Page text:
Linda Benedict, Ham, Jong, Groth, Donald E. | 9/26/2011 8:19:46 PM
Jong Hyun Ham and Donald E. Groth
Rice yield reductions caused by panicle blighting have long been a sporadic and chronic problem in the southern United States including Louisiana, Arkansas, Texas and Mississippi. Cause of panicle blighting remained unknown for a long time, and abiotic stresses, such as high temperatures, were considered as the major factors associated with panicle blighting. In 1996-97, LSU AgCenter research revealed that panicle blight of rice is caused by two bacterial plant pathogens, Burkholderia glumae and Burkholderia gladioli. These two bacterial pathogens were first reported in Japan as the causal agents of grain rot and seedling blight of rice. In general, B. glumae is more frequently isolated in infested rice fields and more virulent than B. gladioli. After the etiology of panicle blight was elucidated, “bacterial panicle blight” was selected as the new name of the disease because the term panicle blight had been used in the United States for more than 50 years.
Symptoms of bacterial panicle blight include seedling blighting and sheath rot in addition to panicle blighting, which accounts for most of the damage from this disease. Affected panicles have blighted florets, which initially show white or light gray on the basal third with a dark-brown margin and eventually become straw-colored. The florets then turn dark with growth of fungi or bacteria on the surface. Extensive occurrence of upright panicles because of the failure of grain-filling and seed development is a typical phenomenon observed in a severely infested field. Prolonged high temperature during the growing season is an important environmental condition that promotes the development of bacterial panicle blight. Severe epidemics of this disease, which caused up to 40 percent yield losses in some fields, occurred during the 1995, 1996, 1998 1998, 2000 and, most recently, 2010 growing seasons, when record-high night temperatures were experienced. Suspected global warming could make bacterial panicle blight a greater threat to rice production in the future. Indeed, occurrence of bacterial panicle blight is increasing not only in the southern United States but in other rice-growing countries of Central and South America and Asia.
The disease cycle of bacterial panicle blight is not fully understood in spite of the economic importance of the disease. The bacterial pathogens are considered to be seed-borne, but they also survive in the soil. After germination of the seed, the bacteria appear to survive on the leaves and sheath and spread upward as the plant grows. Their infection to rice panicles occurs at flowering, if the bacterial population reaches to a threshold level and environmental condition is favorable. They may also be disseminated from severely diseased panicles to neighboring healthy plants, according to the observed spatial distribution patterns of the disease in infested rice fields. However, it is not clear if long-distance dissemination can occur via insect transmission.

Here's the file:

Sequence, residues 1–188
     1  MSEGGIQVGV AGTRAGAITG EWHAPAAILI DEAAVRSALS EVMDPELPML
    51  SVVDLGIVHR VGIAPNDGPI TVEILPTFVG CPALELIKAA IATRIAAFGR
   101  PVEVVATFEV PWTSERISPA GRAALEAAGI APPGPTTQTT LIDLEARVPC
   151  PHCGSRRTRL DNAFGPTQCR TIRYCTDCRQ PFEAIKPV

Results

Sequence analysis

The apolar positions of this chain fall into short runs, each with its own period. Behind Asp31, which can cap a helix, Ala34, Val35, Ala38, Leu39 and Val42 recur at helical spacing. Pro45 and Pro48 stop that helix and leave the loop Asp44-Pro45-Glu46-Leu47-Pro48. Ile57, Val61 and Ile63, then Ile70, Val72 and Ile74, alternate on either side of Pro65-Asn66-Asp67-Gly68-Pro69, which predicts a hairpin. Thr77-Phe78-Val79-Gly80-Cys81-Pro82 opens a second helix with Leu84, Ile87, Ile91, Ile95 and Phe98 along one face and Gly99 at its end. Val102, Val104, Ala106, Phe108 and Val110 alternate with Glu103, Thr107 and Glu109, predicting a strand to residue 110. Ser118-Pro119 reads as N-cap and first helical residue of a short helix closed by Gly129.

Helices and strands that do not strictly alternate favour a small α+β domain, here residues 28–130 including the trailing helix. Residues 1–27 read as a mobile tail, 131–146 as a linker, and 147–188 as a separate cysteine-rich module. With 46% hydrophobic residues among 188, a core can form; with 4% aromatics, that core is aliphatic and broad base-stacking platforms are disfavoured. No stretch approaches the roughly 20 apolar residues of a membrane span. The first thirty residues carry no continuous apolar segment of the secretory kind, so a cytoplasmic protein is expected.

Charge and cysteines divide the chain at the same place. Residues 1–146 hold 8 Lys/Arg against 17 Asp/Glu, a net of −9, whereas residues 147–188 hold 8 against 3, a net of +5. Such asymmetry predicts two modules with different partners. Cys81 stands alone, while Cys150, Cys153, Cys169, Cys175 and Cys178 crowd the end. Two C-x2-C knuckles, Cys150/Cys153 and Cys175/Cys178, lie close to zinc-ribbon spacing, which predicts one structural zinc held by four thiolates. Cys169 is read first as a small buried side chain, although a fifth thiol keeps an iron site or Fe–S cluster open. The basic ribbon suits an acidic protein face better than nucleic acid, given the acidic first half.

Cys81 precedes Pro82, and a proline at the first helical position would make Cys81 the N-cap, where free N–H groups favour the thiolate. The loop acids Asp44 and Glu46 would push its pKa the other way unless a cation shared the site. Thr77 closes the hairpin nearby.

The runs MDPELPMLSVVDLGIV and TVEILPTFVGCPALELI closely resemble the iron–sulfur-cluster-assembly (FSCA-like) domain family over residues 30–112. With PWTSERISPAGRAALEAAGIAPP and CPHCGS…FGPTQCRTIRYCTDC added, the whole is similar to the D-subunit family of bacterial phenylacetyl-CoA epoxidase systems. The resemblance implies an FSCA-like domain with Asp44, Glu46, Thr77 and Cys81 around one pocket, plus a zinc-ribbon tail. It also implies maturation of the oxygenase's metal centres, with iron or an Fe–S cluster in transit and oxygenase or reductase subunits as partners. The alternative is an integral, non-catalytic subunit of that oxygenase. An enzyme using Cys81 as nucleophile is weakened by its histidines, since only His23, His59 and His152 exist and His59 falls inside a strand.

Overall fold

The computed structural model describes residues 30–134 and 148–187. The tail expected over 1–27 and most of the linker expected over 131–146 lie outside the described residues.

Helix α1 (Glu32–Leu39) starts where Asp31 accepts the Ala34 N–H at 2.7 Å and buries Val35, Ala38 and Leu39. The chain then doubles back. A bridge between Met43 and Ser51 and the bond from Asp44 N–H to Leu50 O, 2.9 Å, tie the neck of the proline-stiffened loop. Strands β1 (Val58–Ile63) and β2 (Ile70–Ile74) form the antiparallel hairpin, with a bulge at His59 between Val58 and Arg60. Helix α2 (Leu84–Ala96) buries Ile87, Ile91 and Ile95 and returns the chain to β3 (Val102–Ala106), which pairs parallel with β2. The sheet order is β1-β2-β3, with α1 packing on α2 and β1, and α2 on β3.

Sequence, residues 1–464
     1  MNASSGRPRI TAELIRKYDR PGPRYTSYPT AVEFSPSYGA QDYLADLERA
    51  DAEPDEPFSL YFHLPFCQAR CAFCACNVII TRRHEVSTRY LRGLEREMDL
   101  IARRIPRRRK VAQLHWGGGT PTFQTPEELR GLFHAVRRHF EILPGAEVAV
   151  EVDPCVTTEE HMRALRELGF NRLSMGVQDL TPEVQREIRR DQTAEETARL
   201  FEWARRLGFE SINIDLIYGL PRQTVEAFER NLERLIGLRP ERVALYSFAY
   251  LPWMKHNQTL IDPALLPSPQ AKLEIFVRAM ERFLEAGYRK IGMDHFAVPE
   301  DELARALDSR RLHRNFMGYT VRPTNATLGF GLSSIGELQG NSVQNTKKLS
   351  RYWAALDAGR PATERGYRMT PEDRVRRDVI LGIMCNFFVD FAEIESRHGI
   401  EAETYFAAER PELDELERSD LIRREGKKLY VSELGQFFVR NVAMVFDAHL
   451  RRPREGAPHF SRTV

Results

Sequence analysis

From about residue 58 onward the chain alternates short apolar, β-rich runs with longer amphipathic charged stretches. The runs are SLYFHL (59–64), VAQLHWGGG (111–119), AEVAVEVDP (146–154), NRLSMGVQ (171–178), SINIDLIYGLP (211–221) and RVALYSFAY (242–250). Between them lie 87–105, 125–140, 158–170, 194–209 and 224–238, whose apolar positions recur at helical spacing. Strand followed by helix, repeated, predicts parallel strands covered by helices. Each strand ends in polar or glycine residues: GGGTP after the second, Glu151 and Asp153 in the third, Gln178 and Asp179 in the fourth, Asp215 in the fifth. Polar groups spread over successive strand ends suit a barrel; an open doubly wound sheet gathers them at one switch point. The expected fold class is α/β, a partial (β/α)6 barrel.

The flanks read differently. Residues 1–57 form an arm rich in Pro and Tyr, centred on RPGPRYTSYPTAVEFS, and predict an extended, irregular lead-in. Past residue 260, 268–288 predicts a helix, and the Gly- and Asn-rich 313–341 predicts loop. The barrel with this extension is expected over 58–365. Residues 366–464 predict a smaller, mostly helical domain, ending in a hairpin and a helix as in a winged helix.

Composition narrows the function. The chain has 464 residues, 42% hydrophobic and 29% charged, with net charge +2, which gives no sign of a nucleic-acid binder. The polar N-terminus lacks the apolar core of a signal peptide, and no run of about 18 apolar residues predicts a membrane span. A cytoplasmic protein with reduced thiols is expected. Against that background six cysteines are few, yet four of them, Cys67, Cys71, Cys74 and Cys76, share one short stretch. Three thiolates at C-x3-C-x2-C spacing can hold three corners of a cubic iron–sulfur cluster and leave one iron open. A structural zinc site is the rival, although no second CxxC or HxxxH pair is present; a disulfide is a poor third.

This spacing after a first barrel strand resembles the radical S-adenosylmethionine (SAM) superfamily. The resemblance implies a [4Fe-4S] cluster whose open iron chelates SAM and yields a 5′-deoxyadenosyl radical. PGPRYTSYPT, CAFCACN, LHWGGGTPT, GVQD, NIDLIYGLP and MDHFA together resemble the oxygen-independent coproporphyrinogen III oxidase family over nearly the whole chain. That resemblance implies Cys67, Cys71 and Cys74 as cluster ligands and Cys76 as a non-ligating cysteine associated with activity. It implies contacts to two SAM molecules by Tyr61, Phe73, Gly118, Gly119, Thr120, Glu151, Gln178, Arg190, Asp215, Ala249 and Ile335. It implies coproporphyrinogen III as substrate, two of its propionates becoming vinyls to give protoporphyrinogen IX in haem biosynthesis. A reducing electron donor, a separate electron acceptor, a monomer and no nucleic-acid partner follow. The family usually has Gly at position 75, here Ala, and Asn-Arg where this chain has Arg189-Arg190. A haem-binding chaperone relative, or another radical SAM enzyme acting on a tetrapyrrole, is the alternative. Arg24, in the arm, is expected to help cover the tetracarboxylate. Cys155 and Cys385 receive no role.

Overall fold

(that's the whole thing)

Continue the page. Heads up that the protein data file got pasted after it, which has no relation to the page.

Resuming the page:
Unfortunately, there are few effective control measures for this disease so far. Less nitrogen fertilization reduces disease severity but has not been successful. High temperatures at the vulnerable period can be avoided by early planting, but this cultural practice would become useless if hot weather comes early in the growing season. No pesticides are currently recommended or allowed for controlling this disease in the United States. Copper compounds are weakly effective but sometimes toxic to the plant. Oxolinic acid (brand name Starner) is useful for seed treatment, and its foliar spray is effective on moderately infected plants, but this chemical is not commercially available in the United States. Use of oxolinic acid can also be limited by the natural occurrence of antibiotic-resistant pathogen strains. Cultivating disease-resistant varieties would be a cost-effective and environmentally friendly way to control bacterial panicle blight. However, rice varieties completely resistant to bacterial panicle blight are not available. Instead, several varieties and lines including Jupiter and LM-1 have reasonably high levels of partial resistance.
The research goal on bacterial panicle blight is to develop effective disease control methods based on better un derstanding of the bacterial virulence mechanism and the rice defense system. To achieve this goal, LSU AgCenter scientists are conducting several different areas of research. First, scientists are making efforts to develop new rice varieties and lines resistant to bacterial panicle blight through conventional breeding and line development processes. More than 15,000 lines are evaluated annually to select promising lines showing high levels of disease resistance to bacterial panicle blight and other good agronomic traits. The partial-resistant rice varieties and lines, such as Jupiter and LM-1, were developed from this program. Second, scientists are conducting genetic and molecular biological studies on the rice disease resistance to bacterial panicle blight. Genetic mapping to identify the rice genes associated with the disease resistance is under way. In addition, the induction of a rice defense system by pretreatment of various chemical materials, which leads to enhanced disease resistance, is being studied. Finally, scientists are studying molecular genetics and genomics of the major pathogen, B. glumae, to understand the mechanism underlying its bacterial pathogenesis in rice. Genetic elements governing the production of virulence factors are being identified and characterized.
Jong Hyun Ham, Assistant Professor,Department of Plant Pathology & Crop Physiology, LSU AgCenter, Baton Rouge, La.; and Donald E. Groth, Florence Avalon Daggett Professor, Rice Research Station, Crowley, La.
(This article was published in the summer 2011 issue of Louisiana Agriculture magazine.)